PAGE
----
15th Movement - This piece begins and ends with exuberance, good cheer, and abundant power. What's in-between is a blend of swirling dreaminess and strong urges. Except for Hough, each artist is excellent in conveying the above themes in a similar manner. Hough isn't particularly dreamy or urgent, because he distances himself from the music. Hough plays the piece rather than experience it.
16th Movement - I love this music in a power-house performance with great drive, and that's exactly what I get from Ashkenazy and Pollini; each is on a mission with total focus. Frankly, I find the remaining versions rather dull and reticent.
17th Movement - The most attractive element of this lovely piece is the serenity it offers, and Ashkenazy is the epitome of serenity with a slow and luxurious reading. Also exceptional is the Rosen performance with its perfect blend of serenity and tension. Each of the other versions is very rewarding.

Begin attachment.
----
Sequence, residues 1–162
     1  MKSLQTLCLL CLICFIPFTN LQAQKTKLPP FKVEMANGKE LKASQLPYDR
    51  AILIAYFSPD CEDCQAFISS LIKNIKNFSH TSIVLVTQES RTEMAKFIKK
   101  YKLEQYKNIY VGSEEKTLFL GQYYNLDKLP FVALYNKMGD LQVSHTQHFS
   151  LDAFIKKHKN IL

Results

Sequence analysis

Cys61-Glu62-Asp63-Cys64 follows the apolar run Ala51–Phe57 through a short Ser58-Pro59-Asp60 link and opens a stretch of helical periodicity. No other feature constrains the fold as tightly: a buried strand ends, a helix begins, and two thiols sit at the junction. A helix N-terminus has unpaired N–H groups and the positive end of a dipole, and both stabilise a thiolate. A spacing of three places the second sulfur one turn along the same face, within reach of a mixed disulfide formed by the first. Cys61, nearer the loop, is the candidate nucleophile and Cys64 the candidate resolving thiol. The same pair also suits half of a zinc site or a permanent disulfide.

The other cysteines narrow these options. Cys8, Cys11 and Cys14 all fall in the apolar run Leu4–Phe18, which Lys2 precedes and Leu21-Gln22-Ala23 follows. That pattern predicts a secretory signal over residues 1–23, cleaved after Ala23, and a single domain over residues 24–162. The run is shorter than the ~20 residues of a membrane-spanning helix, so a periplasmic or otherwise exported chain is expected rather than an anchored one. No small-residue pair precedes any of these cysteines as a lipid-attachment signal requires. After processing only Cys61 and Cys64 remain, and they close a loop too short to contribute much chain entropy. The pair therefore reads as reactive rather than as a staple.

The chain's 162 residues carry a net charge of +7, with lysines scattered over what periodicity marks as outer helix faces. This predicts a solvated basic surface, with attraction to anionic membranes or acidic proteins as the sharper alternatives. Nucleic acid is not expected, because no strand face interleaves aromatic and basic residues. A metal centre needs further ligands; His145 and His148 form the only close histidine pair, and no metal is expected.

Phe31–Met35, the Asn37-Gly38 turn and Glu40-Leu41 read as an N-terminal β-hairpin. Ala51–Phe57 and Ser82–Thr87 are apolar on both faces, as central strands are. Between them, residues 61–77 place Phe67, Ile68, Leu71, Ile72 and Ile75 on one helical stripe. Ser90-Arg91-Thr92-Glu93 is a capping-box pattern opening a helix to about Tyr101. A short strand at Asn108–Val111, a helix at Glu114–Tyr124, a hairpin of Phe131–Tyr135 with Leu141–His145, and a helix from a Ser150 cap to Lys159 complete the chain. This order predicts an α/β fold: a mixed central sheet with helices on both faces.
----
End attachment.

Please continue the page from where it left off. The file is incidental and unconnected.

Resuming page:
18th Movement - The last movement is an elegant waltz played beautifully by all except for Ashkenazy and Pollini. Ashkenazy captures little of the music's poignancy nor does he inject much vitality. Pollini shortens note values; that's a dangerous thing to do with elegant music, and Pollini doesn't pull it off.
Although each of the six recordings is easy to recommend, I feel that the Gieseking and Kempff stand out from the crowd. Kempff's Kinderszenen for Deutsche Grammophon lacked some animation, but he's abundantly equipped with it for Davidsbündlertänze. His performances are usually crisp and vital with fine strength when called for and excellent emotional depth and poignancy in the Eusebius music. Perhaps Kempff's best moments are when he conveys the interaction between Florestan and Eusebius.